Steinhardt Opens Magical Peter Pan Prequel

A scene from the production of Peter the Starcatcher. (Courtesy of NYU Steinhardt Educational Theater Program)

On Oct. 19, NYU Steinhardt’s Educational Theatre program opened its adaptation of “Peter and the Starcatcher” by Rick Elice. The play serves as a prequel to Disney’s “Peter Pan,” introducing Boy, yet to be Peter Pan, and Molly, yet to be Wendy’s mom. Boy and Molly go on a heroic mission amid a fight between ships, and come into their skin along the way. But what makes this production special, and representative of the program’s values, is the developmentally diverse cast.

At its most stereotypical level, a group of developmentally diverse actors includes artists who do not fit the box of an able-bodied person. While the cast of “Peter and the Starcatcher” does fit that definition, it does more to expand it. Steinhardt’s production shows how individuals’ differences are what make theater beautiful. A key component to the success of this show is that it is built with accessibility in mind. Accessibility in theater can often be seen through closed captioning, a sign language interpreter offstage or an audio describer for blind audience members. While these efforts do make theater more accessible, the production team of “Peter and the Starcatcher” make sure that accessibility is not a last-minute thought.

“Access was the very goal of this production,” Stage manager and Educational Theatre senior Cassie Holzum said. “From the auditions we made sure that we had support from our accessibility consultant [Adam Stevens] and support consultant [Shayna Blecherman] and that we met every actor where they were.”

Holzum went on to say that Director and Steinhardt Professor Amy Cordileone stressed the importance of working with actors at their current level. Meeting actors where they were first meant setting each actor up for a successful audition. While some read monologues, some told a story about their summer. Neither audition was considered better than the other; rather, they both allowed actors to truly show their talent.

“Our goal has really been to set everyone in the room up to succeed on an [individual basis],” Holzum said. The steps taken by the production team exemplify the benefits of the use of accessibility from the start.

A beautiful example of how accessibility was at the core of this show was the casting of Boy. In the show, the character of Peter develops through Boy, an unnamed orphan. Michael Manzi plays the child from the start, and is soon joined by Sean McGowan, an actor with Down Syndrome, as Boy evolves into Peter. To date, there are only two known actors with the genetic condition to hold a lead in an off-Broadway show, a testament to the lack of diversity in theater.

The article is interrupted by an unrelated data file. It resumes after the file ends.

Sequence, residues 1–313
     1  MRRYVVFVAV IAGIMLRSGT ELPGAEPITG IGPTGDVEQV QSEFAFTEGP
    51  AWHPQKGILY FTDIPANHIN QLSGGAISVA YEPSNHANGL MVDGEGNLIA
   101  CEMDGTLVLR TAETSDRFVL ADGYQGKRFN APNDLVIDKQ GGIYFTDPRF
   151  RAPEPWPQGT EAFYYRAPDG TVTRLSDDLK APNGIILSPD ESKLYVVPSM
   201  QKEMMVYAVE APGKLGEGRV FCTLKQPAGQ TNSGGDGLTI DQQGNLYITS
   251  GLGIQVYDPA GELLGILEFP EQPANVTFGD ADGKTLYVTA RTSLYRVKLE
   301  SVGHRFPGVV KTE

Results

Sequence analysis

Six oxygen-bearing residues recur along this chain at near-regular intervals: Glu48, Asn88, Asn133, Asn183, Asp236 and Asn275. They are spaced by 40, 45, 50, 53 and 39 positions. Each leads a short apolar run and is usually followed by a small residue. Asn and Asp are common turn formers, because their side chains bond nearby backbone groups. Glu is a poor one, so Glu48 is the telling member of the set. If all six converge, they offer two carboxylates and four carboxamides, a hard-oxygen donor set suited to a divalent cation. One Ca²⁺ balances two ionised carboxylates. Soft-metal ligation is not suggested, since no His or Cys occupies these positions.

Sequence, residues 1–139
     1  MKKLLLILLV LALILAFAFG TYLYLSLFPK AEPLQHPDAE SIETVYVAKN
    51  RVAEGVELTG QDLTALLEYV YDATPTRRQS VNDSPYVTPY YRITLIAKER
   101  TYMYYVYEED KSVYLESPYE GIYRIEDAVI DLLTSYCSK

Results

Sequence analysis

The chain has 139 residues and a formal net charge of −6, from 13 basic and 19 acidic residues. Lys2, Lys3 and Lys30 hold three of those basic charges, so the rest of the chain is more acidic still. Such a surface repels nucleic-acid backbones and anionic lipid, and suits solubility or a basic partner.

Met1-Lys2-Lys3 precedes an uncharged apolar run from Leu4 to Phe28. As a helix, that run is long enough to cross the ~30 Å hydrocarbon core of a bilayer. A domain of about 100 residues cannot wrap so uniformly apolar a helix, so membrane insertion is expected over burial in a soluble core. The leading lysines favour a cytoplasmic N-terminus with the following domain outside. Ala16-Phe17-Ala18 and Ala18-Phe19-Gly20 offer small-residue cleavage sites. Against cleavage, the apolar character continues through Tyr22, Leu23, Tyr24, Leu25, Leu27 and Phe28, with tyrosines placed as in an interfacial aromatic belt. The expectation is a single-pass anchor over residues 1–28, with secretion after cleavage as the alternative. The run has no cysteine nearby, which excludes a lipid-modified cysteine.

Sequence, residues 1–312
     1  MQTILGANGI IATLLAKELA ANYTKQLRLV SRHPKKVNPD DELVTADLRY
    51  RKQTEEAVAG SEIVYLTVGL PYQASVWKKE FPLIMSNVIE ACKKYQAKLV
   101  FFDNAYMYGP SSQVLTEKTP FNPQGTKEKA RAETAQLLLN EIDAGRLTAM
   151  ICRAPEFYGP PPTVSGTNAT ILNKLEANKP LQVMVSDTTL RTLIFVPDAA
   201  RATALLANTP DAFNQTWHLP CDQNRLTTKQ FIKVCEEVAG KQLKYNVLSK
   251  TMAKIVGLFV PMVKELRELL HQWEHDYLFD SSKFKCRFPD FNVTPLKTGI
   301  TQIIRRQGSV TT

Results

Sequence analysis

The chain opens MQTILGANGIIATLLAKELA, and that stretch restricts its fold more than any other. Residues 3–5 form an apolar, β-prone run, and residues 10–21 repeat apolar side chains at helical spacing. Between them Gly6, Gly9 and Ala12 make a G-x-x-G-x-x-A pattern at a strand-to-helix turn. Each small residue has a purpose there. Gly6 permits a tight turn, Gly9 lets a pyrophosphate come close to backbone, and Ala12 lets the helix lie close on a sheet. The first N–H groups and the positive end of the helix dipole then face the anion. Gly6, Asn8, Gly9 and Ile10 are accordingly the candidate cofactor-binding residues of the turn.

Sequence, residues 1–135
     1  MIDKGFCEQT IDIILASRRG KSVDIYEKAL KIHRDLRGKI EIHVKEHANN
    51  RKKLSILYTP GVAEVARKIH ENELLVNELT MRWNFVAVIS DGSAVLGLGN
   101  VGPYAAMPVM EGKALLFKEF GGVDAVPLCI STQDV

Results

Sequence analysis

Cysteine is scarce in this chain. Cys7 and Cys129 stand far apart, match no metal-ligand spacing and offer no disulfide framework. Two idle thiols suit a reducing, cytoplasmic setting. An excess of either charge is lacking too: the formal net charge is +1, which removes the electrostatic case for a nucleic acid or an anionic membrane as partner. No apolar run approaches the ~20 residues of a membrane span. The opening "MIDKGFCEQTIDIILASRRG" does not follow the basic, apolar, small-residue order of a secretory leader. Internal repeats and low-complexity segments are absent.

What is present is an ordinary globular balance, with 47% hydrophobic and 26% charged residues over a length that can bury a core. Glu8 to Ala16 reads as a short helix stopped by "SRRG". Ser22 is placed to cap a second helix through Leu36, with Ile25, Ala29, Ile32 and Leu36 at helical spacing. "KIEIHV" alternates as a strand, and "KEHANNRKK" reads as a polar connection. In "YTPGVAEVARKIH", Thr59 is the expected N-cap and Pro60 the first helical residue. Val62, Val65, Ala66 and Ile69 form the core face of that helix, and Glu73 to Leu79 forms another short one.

While having Down Syndrome can be thought to limit abilities, Cordileone and the rest of the “Peter and the Starcatcher” team found a way to showcase McGowan’s talents and starpower. McGowan and Manzi work as a team to tell Boy’s story: McGowan echoing lines of importance, protecting Manzi and being protected by him. McGowan’s character maintains the spirit of the young boy that Manzi fears he is losing as he discovers Peter. McGowan is offstage for moments of maturity for Boy, as that side of the character is solely represented by Manzi. Through McGowan’s performance, the audience finally sees how Peter manages to “never grow up.” The dynamic between McGowan and Manzi served to enhance the plot, not to distract from it, unlike more traditional vehicles of accessibility that force the audience’s attention away from the performance.

“[I hope that the audience] can embrace and love [the cast] and see not the differences we’ve overcome but the bond we’ve created and similarities we share,” Holzum said.

Many associate accessibility solely with individuals whose needs are categorized as “special.” For Jules Talbot, a first-year in Educational Theatre and Black Stache/Ensemble member, this process has shown her how that is not the case.

“We speak about ability and disability as if it’s a binary, but it isn’t. There’s a spectrum of difference, and we all exist somewhere on it,” Talbot sait. “There aren’t only ‘special needs.’ Everyone has needs, needs which have to be met so that we can feel heard and valued. In the rehearsal room of ‘Peter,’ everyone’s were taken into account.”

As “Peter and the Starcatcher” heads into its closing weekend, it is essential to experience this story through the extremely talented and developmentally diverse cast of Steinhardt. As an audience member, I walked away with a deepened awareness of myself, the people around me and the continuing magic of theater.

Email Liv Rocklin at [email protected]

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